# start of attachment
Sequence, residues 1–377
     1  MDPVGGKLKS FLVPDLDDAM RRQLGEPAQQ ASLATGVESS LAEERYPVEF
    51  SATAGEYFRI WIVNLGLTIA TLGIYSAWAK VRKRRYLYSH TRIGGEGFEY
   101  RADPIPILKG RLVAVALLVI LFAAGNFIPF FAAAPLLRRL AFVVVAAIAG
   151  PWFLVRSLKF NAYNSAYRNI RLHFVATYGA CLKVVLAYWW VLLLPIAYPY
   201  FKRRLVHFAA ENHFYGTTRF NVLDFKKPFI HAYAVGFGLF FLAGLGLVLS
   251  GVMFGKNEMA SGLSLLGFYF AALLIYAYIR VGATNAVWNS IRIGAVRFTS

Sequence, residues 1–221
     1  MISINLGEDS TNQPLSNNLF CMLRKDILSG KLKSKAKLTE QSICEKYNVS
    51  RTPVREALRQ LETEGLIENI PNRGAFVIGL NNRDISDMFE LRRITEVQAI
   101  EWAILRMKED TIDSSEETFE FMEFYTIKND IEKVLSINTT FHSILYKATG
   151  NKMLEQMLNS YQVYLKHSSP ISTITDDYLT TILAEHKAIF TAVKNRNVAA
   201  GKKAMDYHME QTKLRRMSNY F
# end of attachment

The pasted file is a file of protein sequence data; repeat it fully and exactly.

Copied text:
Sequence, residues 1–377
     1  MDPVGGKLKS FLVPDLDDAM RRQLGEPAQQ ASLATGVESS LAEERYPVEF
    51  SATAGEYFRI WIVNLGLTIA TLGIYSAWAK VRKRRYLYSH TRIGGEGFEY
   101  RADPIPILKG RLVAVALLVI LFAAGNFIPF FAAAPLLRRL AFVVVAAIAG
   151  PWFLVRSLKF NAYNSAYRNI RLHFVATYGA CLKVVLAYWW VLLLPIAYPY
   201  FKRRLVHFAA ENHFYGTTRF NVLDFKKPFI HAYAVGFGLF FLAGLGLVLS
   251  GVMFGKNEMA SGLSLLGFYF AALLIYAYIR VGATNAVWNS IRIGAVRFTS

Sequence, residues 1–221
     1  MISINLGEDS TNQPLSNNLF CMLRKDILSG KLKSKAKLTE QSICEKYNVS
    51  RTPVREALRQ LETEGLIENI PNRGAFVIGL NNRDISDMFE LRRITEVQAI
   101  EWAILRMKED TIDSSEETFE FMEFYTIKND IEKVLSINTT FHSILYKATG
   151  NKMLEQMLNS YQVYLKHSSP ISTITDDYLT TILAEHKAIF TAVKNRNVAA
   201  GKKAMDYHME QTKLRRMSNY F